30 October 2009

Notes: Imagined Communities

Anderson, Benedict. Imagined Communities. London: Verson, 2006.

I’ve let a little too much time go by to write a really cohesive summary of Anderson’s text, so I’ll settle for a list of main points which I find particularly intriguing for my line of research.

According to Anderson, there are three basic paradoxes to the idea of the nation: 1. that nations are objectively new, but nationalists claim (subjectively, though they wouldn’t acknowledge that) antiquity; 2. that there is a universality to the idea of nationality in that everyone has a nationality, just as everyone has a gender; however, each nationality is itself sui generis; and 3. nationalism has great political power even though it has philosophical paucity.
o I’m particularly interested in the supposed antiquity of nation states and how that might translate to the origins of other kinds of communities and social classes.  Are all communities or social classes built on some sense of their own antiquity?  Particularly newly developed communities/classes?  I’m reminded of Mormonism and its claim to Biblical origins in order to authenticate itself.  

Andersons’ definition of nation: “it is an imagined political community – and imagined as both inherently limited and sovereign.  It is imagined because the members of even the smallest nation will never know most of their fellow-members, meet them, or even hear of them, yet in the minds of each lives the image of their communion” (6).
o I’m curious how this idea of members of a community never meeting could be translated to members of a community never actually knowing other community members.  In other words, a member of a community could be acquainted with other community members, but not actually known by them.  To what extent must a community be premised on knowledge deeper than superficial acquaintance?  Anderson clearly argues that members of a community need not even have an acquaintance (he says that the difference between communities is not a matter of “falsity/genuineness” but rather the “style” in which they are imagined), but in some communities (think religious congregation, local members of a particular social class, etc.) there will be that acquaintance.  How does the presence of acquaintance but the absence of knowledge affect Anderson’s theory?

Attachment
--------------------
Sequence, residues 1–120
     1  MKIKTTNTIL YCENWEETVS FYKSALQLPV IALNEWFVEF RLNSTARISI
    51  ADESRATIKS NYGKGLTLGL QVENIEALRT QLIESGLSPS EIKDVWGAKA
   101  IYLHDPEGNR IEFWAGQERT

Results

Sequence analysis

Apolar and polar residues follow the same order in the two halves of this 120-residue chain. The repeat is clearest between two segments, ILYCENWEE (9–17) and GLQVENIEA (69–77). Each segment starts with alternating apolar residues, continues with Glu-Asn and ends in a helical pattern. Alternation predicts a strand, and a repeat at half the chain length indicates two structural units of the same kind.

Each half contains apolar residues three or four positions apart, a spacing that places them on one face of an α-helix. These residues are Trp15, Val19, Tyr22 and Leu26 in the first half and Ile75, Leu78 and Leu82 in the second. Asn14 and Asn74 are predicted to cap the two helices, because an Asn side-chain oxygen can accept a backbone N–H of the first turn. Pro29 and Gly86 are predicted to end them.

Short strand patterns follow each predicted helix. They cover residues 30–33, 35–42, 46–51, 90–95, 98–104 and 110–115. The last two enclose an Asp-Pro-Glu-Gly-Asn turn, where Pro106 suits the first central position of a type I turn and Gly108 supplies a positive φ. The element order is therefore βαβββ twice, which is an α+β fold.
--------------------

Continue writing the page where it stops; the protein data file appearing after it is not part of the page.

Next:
In explaining the community of Christendom, Anderson asserts that the “juxtaposition of cosmic-universal and the mundane-particular” meant that, no matter how far-spread the community was, it presented itself variously but also as a replication of the self.  In other words, even as various pockets of Christianity had their own particular character, they perceived of themselves as representative of their larger community—they conceived of other pockets of Christianity as being “replications of themselves” (23).
o I’m curious about this idea of a subsection of a community perceiving other subsections as replications of the self.  Does this apply at an individual level also?  Does one individual perceive other individual members of their community as reflections or replications of herself?  And if so, what happens when that replication/reflection is proven false?  (compare this idea to what Anderson has to say about Creoles originating the nationalist movements of America)

Anderson pays a lot of attention to the role print-capitalism and print-languages play in the rise of nationalism.  He argues that without print-languages, nationalism would not have developed as it did.  Specifically print-languages had three major effects: 1. they created a language of exchange that existed between Latin (the official language of church and state) and vernaculars; 2. it fixed language, which helped establish the perceived antiquity of that language (and antiquity was a vital element of nationalism); and 3. it privileged certain languages, creating new languages of power granting certain classes more authority than others.  Anderson also places a lot of emphasis on the fatality of language—in the assumed inevitability of a given language as a language of power.  And, more importantly, the fatality of “human language diversity”; because there is a necessary diversity of human languages (while certain languages may die or transform, it’s impossible for all of humanity to share one language), there is a coexisting necessary diversity of human communities.  If language becomes the organizing principle of human communities (and Anderson argues it does), and languages are necessarily diverse, then there must be a corresponding diversity of communities.